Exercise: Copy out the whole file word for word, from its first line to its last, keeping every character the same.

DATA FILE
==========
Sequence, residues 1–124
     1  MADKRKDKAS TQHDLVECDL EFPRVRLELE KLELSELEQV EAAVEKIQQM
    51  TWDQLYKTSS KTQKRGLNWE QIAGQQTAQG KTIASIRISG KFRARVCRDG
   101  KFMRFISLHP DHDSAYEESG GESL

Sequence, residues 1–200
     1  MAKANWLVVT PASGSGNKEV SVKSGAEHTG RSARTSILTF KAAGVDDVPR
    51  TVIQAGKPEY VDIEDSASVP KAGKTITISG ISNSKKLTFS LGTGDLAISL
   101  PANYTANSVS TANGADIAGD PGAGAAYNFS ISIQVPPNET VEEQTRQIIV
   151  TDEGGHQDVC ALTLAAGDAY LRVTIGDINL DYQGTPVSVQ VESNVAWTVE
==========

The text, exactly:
Sequence, residues 1–124
     1  MADKRKDKAS TQHDLVECDL EFPRVRLELE KLELSELEQV EAAVEKIQQM
    51  TWDQLYKTSS KTQKRGLNWE QIAGQQTAQG KTIASIRISG KFRARVCRDG
   101  KFMRFISLHP DHDSAYEESG GESL

Sequence, residues 1–200
     1  MAKANWLVVT PASGSGNKEV SVKSGAEHTG RSARTSILTF KAAGVDDVPR
    51  TVIQAGKPEY VDIEDSASVP KAGKTITISG ISNSKKLTFS LGTGDLAISL
   101  PANYTANSVS TANGADIAGD PGAGAAYNFS ISIQVPPNET VEEQTRQIIV
   151  TDEGGHQDVC ALTLAAGDAY LRVTIGDINL DYQGTPVSVQ VESNVAWTVE